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Dehancer OFX film emulation plugin


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While Dehancer 5.1 failed to deliver on its promise of double the performance over version 5.0, Dehancer 5.2.0 brings it on with a new quality selector, allowing the user to choose between normal-fast/high-slow settings, each of which offers significant improvements in playback speed. On our 16″ 32 core M1 Max MacBook Pro (late 2021) with 4K 24p ProRes 4444 we measured real time playback speed in normal quality mode and 18.5 fps in high quality mode, either of which can be considered noteworthy upgrades over the painfully slow 14 fps of the previous update. Memory optimizations in Dehancer Pro version 5.2.0 also dramatically reduced memory pressure when rendering four stacked 4K 24p ProRes 4444 clips in DaVinci Resolve Studio 17.4.

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Hello guys,

We have made significant changes to the Film Grain tool:

  • The dependence of the optical resolution on the resolution of the timeline has been fixed. Now with a timeline size less than 4K the image no longer has a blurry look, and the maximum value of Film Resolution = 100 provides full detail of the source footage.
  • The distortion, which could slightly change the scale of the image and cause it to shift by a few pixels, has been fixed.
  • Added Negative / Positive processing mode switch.

Negative:

An improved grain algorithm. The grain is more pronounced in the highlights and the image has a slightly higher microcontrast, which is more typical for negative films.

Positive:

This old algorithm, slightly improved, reproduces a softer grain, which is less pronounced in the highlights and more typical for reversible positive films.

  • A new grain type and the corresponding Analogue / Digital mode switch has been added.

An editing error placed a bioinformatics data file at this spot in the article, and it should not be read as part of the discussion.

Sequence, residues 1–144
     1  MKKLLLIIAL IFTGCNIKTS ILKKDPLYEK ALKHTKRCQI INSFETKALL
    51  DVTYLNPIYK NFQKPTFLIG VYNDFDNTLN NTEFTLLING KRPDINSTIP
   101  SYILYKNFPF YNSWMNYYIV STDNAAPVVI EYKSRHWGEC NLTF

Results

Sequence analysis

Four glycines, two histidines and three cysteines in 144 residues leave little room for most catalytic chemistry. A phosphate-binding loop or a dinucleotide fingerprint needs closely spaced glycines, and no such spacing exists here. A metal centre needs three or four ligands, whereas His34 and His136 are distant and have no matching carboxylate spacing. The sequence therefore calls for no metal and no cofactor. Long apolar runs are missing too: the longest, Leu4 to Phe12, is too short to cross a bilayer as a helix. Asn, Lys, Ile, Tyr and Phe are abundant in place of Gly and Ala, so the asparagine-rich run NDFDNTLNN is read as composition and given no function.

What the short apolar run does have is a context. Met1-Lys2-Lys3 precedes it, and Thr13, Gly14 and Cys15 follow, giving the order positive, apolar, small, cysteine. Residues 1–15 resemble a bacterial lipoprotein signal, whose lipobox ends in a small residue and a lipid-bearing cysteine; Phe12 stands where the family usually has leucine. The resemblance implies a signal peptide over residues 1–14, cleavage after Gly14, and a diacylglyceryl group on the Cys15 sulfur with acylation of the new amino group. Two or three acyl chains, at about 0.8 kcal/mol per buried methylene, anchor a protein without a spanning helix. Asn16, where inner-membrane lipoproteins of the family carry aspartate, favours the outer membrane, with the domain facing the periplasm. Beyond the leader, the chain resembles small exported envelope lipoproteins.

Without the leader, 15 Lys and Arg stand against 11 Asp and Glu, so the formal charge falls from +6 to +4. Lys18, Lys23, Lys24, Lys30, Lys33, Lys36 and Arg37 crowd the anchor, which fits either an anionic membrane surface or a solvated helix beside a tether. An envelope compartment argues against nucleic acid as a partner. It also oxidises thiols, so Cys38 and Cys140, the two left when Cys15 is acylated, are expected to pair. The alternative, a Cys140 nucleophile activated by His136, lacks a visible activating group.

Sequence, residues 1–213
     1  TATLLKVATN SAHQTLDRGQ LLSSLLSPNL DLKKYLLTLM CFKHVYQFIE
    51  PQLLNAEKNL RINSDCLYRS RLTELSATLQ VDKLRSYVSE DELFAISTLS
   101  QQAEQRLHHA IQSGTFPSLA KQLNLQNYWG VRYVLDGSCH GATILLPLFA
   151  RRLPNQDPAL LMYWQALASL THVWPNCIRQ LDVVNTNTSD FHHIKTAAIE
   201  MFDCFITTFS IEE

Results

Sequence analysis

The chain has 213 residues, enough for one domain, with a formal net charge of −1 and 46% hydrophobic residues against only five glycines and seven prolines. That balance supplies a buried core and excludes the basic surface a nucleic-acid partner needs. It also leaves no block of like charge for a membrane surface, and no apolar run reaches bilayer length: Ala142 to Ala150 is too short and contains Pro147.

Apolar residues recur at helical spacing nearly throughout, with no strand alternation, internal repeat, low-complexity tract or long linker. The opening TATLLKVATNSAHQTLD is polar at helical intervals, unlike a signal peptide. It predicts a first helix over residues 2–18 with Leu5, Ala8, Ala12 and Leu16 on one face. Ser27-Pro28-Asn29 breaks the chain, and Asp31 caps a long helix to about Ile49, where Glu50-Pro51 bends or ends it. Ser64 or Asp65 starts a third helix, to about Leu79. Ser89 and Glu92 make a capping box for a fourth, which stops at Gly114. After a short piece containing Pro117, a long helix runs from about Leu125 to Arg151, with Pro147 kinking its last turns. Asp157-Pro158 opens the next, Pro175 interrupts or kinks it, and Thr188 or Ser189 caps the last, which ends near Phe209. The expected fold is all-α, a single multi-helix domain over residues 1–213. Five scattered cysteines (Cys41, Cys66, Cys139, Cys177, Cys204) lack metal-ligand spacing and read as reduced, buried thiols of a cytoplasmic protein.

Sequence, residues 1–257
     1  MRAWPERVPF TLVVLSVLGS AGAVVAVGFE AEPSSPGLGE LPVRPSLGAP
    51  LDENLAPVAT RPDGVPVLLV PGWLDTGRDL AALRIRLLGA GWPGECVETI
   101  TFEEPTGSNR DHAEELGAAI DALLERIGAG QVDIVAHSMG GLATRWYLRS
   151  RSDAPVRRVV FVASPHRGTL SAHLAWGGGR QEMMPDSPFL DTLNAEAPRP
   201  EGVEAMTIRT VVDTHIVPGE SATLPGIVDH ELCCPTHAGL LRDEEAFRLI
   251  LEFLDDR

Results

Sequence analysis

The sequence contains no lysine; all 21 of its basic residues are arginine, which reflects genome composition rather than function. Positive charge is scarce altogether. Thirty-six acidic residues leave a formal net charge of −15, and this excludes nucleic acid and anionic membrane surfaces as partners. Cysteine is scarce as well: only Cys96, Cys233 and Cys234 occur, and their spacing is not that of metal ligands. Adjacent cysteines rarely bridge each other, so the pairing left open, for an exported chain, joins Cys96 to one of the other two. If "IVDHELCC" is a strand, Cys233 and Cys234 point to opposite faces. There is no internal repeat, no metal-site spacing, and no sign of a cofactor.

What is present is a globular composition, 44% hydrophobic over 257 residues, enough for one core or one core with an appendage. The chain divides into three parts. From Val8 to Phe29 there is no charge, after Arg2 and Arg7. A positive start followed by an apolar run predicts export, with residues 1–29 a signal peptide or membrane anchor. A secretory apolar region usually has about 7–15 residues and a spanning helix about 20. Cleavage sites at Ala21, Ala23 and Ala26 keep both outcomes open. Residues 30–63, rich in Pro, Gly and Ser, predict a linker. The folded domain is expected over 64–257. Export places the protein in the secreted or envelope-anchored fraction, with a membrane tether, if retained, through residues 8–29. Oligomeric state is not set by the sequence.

Analogue:

The ‘legacy’ type of grain. Requires more processing power.

Digital (Experimental):

Additional (new) type of high performance simplified grain. It can be useful for dithering tasks (for example, to eliminate the posterization of 8-bit videos from drones), as well as for low-resolution projects, rendering for Youtube, etc.

Compatibility of the plugin settings with different Dehancer OFX versions:

Starting from version 5.3, the default setting is Negative mode. To get the grain look as close as possible to older versions of the plugin (4.0 – 5.2), use Positive mode in combination with your existing grain settings.

This is a free update for the license owners.

Download and get 2-week FREE trial:
www.dehancer.com

 

dehancer530-grain.jpg

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  • 2 weeks later...
On 12/2/2021 at 10:11 PM, Matthew W. Phillips said:

Thanks for the tip but I am not a fan of softening my footage beyond lowering the sharpness down in camera.

The smallest details of film cannot be smaller than the grain size, which is why it’s recommended to always lower the resolution parameter accordingly.

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14 hours ago, Jon Pais said:

The smallest details of film cannot be smaller than the grain size, which is why it’s recommended to always lower the resolution parameter accordingly.

So what you are arguing is that either 1) grain cannot be larger than 1 pixel OR 2) if grain is larger than 1 pixel for, say, full HD, the true resolution of film is less than 1920 x 1080?

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9 hours ago, Matthew W. Phillips said:

So what you are arguing is that either 1) grain cannot be larger than 1 pixel OR 2) if grain is larger than 1 pixel for, say, full HD, the true resolution of film is less than 1920 x 1080?

I think you're confusing the sheer number of pixels with perceived sharpness: whatever the resolution of film is as measured in a laboratory, the fact remains that the overwhelming majority of movies are presented in 2K theatrically and no one ever complained that the picture was blurry. That's how I've watched movies my entire life.